Students from India face lots of challenges in Canada: Experts
Canada is registering a record intake of students from India this year, but a leading immigration lawyer and charity groups are warning of the challenges these newcomers face on arrival.
As Canada heads towards a record intake of students from India this year, a leading immigration lawyer and charity groups are warning of the challenges these newcomers face on arrival leading to suicides and even prostitution as they come under pressure in a foreign land.
According to data from Immigration Refugees and Citizenship Canada (IRCC), 156,171 study permits were given to students from India, almost double the number from 2020, which was at 76,149, a substantial drop due to the Covid-19 pandemic and restrictions on travel. However, the surge this year could lead to a new record high in Indian students reaching Canadian universities and colleges, as it’s on course to eclipse the previous mark of 174,687 in 2019.
International students overall make for an industry that adds between 7 billion and 8 billion Canadian dollars each year to the Canadian higher education sector, resulting in serious recruitment activity, particularly in states like Punjab. In a recent report tracking that phenomenon and its extreme downside, the Canadian outlet Globe and Mail noted, “Bringing Indian students to Canada has become a lucrative business spanning two continents.”
The dark side of these burgeoning numbers is the mental health problems faced by these students, as families take on enormous debt to send their children abroad. The amount charged by education institutions in Canada are usually four times the approximately 7,000 Canadian dollars figure for domestic students. Adding to the burden are expenses for accommodation and food, among other items.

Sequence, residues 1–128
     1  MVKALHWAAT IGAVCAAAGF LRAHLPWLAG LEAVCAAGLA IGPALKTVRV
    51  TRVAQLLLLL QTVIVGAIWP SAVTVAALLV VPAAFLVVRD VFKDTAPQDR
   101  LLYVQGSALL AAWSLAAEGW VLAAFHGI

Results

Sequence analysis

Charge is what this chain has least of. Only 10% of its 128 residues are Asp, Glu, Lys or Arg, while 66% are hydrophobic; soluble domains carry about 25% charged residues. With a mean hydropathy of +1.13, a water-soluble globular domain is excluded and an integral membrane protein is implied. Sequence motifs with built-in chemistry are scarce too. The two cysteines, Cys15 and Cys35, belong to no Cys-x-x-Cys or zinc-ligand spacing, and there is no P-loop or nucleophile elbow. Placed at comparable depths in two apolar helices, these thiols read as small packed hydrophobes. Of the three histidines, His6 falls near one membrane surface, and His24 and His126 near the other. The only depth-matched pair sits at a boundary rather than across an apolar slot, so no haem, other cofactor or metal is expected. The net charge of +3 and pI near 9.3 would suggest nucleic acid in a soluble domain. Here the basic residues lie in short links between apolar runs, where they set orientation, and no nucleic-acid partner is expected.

The outlet The Pointer reported that a single funeral home in the Greater Toronto Area (GTA) recorded five dead bodies of Indian students each month.
Ravi Jain, founder of Canadian Immigration Lawyers’ Association, said, “Consultants in India are painting a rosy picture and then there’s a tragic side”.
There’s tremendous pressure on these students to recoup the investments by their parents, and often unable to do so, they turn to drugs, leading to overdoses, suicide, and even prostitution.
Kamal Bhardwaj, proprietor of the Lotus Funeral and Cremation Centre in Toronto, is seeing this regularly, as he said they are handling corpses of five to six students each month. They are not privy to the cause of death, but some bodies turn up with ligature marks, indicating possible suicide and others bear signs of overdose. “There’s been an increase in the number of young people dying,” he told the Hindustan Times.
In fact, that has led him to partner with two others to found a charity serving these students. Called Sunoh, it offers counselling, including for those contemplating suicide. And it organises webinars before the students leave India so as to provide them with a realistic picture of life in Canada and the hardships it entails. A partner organisation recently had half-a-dozen young girls arrive in distress as they were pregnant. Bhardwaj felt this pointed to possible “human trafficking”.
Montreal-based physician Shivendra Dwivedi has a similar initiative, called Sahyog, which also offers webinars and mental health counselling. He said, “These poor students are being exploited. It’s a racket. Recruiters are selling them an impossible dream.”
He plans to approach Canada’s new Immigration Minister Sean Fraser for initiating urgently required reforms in the system.
Jain, who practices with the Toronto-based firm Green & Spiegel and is also former chair of the Canadian Bar Association’s Immigration unit, said this problem is “widespread” and “it’s become more common. The community doesn’t really come out about it too much because there’s a lot of shame and embarrassment and of course the government doesn’t want to publicise it” because of the billions of dollars in revenue involved.